Jedi Outcast Makes the Grade
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Star Wars Jedi Knight II: Jedi Outcast is a cross between the original dark forces shooters and Obi-Wan (http://www.gameindustry.com/reviews/020422obiwan.asp). Once again you step into the shoes of Kyle Katarn a one time imperial, mercenary, Rebel Operative, and Jedi Knight. With the help of his friend and pilot Jan Ors they travel the galaxy working for the republic. At the start of the game, Kyle has renounced his Jedi title, turned his light saber over to Luke Skywalker, and let his ability to control of the force fade away. He did this for fear of turning to the dark side.
The game opens with Kyle and Jan getting an assignment from Mon Mothma to check out a planet. Once he and Jan arrive they find a hornet's nest of imperial storm troopers and officers. As I just said, Kyle has renounced his Jedi powers, so the first part of the game is a standard shooter, with the added bonus that the story is set in the Star Wars universe.
Once again the developers of this series have come up with an outstanding storyline for Outcast. I don't want to reveal too much of the plot, but about halfway through the game something happens and Kyle realizes that he is going to need his Jedi powers back.
He then travels to Luke Skywalker's Jedi Academy to get his light saber back. Luke makes him run through a series of trials, which basically means force power training, before he will return Kyle's light saber. After that point in the game, Kyle has both his light saber and force powers as well as all the guns he had at the beginning of the game.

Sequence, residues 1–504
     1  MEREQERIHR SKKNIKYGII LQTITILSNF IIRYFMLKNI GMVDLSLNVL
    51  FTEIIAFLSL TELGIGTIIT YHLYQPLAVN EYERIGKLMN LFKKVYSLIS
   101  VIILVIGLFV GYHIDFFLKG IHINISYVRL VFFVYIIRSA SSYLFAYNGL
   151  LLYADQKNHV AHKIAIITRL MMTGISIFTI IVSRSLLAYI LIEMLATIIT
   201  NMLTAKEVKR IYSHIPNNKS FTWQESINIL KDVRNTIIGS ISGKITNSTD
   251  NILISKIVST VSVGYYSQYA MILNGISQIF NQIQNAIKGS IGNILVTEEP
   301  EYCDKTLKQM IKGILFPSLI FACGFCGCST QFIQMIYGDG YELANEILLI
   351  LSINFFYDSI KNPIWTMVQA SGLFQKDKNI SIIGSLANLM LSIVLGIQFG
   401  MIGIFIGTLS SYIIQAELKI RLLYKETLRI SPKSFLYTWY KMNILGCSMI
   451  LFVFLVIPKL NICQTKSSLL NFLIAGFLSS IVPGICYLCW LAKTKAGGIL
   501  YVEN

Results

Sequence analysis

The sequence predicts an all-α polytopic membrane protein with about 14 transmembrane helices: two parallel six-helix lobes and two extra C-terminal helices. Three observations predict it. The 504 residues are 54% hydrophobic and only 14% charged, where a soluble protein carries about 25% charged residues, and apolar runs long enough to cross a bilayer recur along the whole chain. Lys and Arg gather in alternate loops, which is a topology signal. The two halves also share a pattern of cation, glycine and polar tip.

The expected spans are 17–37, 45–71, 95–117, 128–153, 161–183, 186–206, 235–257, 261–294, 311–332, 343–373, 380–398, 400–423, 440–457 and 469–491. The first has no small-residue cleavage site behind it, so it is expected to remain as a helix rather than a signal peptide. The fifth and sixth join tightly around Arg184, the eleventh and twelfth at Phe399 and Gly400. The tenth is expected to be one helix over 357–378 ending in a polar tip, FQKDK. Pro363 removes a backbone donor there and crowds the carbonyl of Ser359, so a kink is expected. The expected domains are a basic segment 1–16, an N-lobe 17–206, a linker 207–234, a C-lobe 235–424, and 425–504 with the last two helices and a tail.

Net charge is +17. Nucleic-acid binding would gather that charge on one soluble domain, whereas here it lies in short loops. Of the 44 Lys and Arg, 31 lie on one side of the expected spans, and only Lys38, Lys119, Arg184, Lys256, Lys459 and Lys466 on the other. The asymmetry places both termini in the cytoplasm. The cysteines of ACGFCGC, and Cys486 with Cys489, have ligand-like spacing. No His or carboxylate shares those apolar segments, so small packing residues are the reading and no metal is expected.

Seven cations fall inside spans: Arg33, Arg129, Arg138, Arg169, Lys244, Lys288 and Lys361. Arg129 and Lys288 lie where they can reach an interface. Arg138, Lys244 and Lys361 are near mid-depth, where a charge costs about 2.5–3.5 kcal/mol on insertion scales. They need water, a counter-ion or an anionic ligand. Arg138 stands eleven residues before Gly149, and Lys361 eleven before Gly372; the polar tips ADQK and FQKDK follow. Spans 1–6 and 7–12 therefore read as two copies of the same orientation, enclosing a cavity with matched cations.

Believe it or not, the control interface for all these different options is pretty easy to get the hang of. The controls are pretty standard. Left thumb stick for movement, right for looking around. D-pad for cycling though inventory, weapons, and force powers. It did seem to me though, that in the Obi-wan game, it was easier to block shots and in general use the light saber.
All the levels are well stocked with puzzles, locked doors, hidden/secret areas and lots of bad guys. I tend to clear out the level and then spend a lot of time trying to figure out what I am supposed to do, and where I am supposed to go. During the second phase, the level is pretty devoid of bad guys and the levels always seem big and empty to me at that point.
Graphically speaking Outcast is not cutting edge, but I have no complaints and the sound quality of almost all the Star Wars games put out by Lucas Arts Entertainment more than make up for any of their deficiencies. I imagine it would be hard to go wrong with access to all the sounds from 5 movies and tons of previous games. That being said, I think they did a particularly good job with the sound track for outcast.
Least I forget, Outcast also features a multiplayer arena, where you can duke it out with your buddy light saber to light saber. The arena seemed tacked onto the game, but heck, who cares when you are beating the crap out of your buddy with a light saber? After watching all five movies, the only thing better than this would be if someone developed a light saber controller to work with the game.
With Jedi Knight II: Jedi Outcast, Lucas Arts has managed to once again bring all the pieces together to make a really fun and challenging game. Combine all the background that makes up the Star Wars universe with a neat storyline, challenging combat, interesting puzzles, good graphics, great sound effects and music, along with easy to use controls and you can't go wrong.
Chris Richards is a Gin Product Tester. He played his first game in 1985, Rogue, and it has been downhill ever since. Chris can be contacted at : firstname.lastname@example.org.